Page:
Google is taking a page out of Microsoft and Amazon’s book, establishing its first African cloud infrastructure, announced during the company’s second annual Google4Africa conference yesterday. The service will begin in South Africa, with the goal to have it eventually spread across the rest of Africa.
Additionally, the search giant announced it would build a series of interconnecting sites, linked to its reasonably new Equiano broadband cable. These sites will be built in Johannesburg, Cape Town, Nairobi and Lagos. The point of these is to provide access to Google’s incoming data centre in South Africa.
The birth of jobs (not Steve)
Google’s goal is to give the country a way to help out businesses, schools, individuals and developers. Once complete, people will have easier access to information and free online tools that “…in turn, create jobs.” said Google in a statement yesterday.
“According to research by AlphaBeta Economics commissioned by Google Cloud, the South Africa cloud region will contribute more than a cumulative US$2.1-billion (R37-billion) to the country’s GDP, and will support the creation of more than 40 000 jobs by 2030.”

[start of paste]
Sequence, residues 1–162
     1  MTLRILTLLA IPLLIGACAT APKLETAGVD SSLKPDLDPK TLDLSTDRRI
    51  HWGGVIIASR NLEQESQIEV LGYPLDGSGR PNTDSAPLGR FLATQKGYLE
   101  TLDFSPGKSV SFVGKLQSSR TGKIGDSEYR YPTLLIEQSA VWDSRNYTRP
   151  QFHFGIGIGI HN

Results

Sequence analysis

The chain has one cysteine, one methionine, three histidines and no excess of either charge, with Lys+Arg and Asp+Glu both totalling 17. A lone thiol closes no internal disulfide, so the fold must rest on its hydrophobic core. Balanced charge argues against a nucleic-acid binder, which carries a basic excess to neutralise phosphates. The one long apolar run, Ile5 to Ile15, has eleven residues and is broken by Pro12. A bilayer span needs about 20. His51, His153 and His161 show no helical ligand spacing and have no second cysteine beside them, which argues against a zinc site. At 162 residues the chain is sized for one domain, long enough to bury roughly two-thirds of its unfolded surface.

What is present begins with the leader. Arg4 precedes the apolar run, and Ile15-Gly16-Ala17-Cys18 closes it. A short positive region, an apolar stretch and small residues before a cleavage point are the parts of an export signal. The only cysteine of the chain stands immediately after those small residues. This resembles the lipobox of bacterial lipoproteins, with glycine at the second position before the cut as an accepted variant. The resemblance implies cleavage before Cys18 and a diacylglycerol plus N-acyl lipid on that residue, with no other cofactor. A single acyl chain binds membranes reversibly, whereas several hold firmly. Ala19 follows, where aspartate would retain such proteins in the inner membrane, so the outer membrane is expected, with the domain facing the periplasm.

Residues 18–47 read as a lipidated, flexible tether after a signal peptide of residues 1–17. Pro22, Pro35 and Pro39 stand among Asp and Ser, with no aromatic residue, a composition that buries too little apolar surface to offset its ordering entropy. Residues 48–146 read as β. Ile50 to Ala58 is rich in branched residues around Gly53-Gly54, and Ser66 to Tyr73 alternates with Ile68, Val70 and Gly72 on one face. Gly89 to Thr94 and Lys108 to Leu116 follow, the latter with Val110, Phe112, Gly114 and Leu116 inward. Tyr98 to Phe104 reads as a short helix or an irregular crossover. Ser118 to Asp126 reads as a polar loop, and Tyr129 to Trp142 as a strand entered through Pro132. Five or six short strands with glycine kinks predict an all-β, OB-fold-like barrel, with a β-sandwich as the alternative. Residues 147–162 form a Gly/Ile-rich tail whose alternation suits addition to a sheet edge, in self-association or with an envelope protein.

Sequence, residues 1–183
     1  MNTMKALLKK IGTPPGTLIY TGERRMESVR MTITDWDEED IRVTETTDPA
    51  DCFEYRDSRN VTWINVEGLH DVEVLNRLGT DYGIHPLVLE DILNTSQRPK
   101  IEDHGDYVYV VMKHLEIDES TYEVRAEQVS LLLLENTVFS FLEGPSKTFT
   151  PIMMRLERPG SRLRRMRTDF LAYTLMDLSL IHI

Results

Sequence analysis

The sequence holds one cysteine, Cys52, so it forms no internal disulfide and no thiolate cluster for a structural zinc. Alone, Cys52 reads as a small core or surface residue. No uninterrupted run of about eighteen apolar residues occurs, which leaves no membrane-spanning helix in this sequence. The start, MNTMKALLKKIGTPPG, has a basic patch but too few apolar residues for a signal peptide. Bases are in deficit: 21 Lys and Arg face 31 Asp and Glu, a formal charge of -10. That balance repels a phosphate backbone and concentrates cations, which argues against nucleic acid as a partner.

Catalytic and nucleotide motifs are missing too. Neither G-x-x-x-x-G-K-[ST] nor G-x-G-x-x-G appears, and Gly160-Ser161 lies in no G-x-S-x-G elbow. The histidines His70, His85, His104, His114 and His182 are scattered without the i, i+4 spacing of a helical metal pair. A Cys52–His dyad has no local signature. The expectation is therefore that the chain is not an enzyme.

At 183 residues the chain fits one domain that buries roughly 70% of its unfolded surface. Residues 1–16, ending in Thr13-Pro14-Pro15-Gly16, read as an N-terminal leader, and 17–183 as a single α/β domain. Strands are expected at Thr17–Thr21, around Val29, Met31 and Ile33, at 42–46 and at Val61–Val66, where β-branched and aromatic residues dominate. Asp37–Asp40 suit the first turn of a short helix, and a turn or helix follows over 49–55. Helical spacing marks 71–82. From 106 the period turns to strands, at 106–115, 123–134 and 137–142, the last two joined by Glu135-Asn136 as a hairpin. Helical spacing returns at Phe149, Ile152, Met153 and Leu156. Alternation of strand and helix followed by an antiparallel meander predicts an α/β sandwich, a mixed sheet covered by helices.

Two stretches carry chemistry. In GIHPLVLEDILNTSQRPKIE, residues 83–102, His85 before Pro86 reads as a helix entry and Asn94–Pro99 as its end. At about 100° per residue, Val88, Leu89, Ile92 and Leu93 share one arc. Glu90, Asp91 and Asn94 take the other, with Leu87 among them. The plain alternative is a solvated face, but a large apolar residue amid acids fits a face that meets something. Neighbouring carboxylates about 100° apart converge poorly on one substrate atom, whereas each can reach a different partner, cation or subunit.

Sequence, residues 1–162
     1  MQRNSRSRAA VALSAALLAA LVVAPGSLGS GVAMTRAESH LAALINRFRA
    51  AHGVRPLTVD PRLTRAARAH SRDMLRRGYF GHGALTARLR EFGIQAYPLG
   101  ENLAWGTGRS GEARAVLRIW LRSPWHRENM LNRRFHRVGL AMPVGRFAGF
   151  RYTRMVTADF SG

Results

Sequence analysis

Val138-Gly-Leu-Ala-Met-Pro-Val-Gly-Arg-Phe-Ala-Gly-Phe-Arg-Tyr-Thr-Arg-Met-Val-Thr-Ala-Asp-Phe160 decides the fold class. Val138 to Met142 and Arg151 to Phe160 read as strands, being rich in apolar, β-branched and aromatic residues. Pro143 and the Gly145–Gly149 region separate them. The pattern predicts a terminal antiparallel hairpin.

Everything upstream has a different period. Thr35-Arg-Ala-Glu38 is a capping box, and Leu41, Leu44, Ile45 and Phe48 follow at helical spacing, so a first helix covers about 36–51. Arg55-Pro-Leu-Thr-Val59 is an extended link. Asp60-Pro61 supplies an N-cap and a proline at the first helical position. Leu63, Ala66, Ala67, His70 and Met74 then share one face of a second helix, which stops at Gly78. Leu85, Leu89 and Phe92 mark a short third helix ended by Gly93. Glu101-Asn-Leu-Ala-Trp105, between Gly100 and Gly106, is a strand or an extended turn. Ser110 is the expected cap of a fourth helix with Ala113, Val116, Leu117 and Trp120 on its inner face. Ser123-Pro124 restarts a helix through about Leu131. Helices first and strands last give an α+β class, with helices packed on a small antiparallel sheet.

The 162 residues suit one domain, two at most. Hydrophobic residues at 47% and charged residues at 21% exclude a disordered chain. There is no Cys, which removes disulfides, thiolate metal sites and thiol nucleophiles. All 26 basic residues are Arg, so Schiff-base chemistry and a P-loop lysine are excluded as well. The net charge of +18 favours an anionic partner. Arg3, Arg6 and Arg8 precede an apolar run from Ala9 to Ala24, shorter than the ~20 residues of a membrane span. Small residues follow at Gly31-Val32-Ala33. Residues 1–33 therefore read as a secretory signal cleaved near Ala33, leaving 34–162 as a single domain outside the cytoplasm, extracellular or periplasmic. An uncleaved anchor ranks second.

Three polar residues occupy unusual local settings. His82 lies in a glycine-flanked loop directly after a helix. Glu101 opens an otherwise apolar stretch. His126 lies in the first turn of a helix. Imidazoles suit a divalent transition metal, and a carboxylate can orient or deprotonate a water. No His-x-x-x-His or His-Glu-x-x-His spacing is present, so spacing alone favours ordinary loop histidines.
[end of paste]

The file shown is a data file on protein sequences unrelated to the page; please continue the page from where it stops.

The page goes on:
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Besides the fact that we know Google’s cloud-based infrastructure is coming, Google failed to offer more information. We don’t know exactly where the centre will be located, nor when the service will be open to the public. Niral Patel, Google’s Cloud leader, told TechCentral that a project like this typically takes 18-24 months from the time of announcement. The earliest we’ll be seeing any sort of availability commercially will be in April 2024.
The incoming cloud data centre will be the third in the country, unless Oracle, which also has plans to bring its own data centre to South Africa, beats Google to the punchline. As it stands, South Africans have to rely on Microsoft’s Azure and Amazon Web Services for their cloud needs.
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